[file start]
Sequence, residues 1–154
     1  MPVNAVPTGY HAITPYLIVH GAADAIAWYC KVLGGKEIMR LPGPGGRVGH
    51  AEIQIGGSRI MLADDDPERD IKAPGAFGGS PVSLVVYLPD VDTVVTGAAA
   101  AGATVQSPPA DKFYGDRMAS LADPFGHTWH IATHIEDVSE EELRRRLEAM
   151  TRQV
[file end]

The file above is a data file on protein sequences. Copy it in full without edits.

Sequence, residues 1–154
     1  MPVNAVPTGY HAITPYLIVH GAADAIAWYC KVLGGKEIMR LPGPGGRVGH
    51  AEIQIGGSRI MLADDDPERD IKAPGAFGGS PVSLVVYLPD VDTVVTGAAA
   101  AGATVQSPPA DKFYGDRMAS LADPFGHTWH IATHIEDVSE EELRRRLEAM
   151  TRQV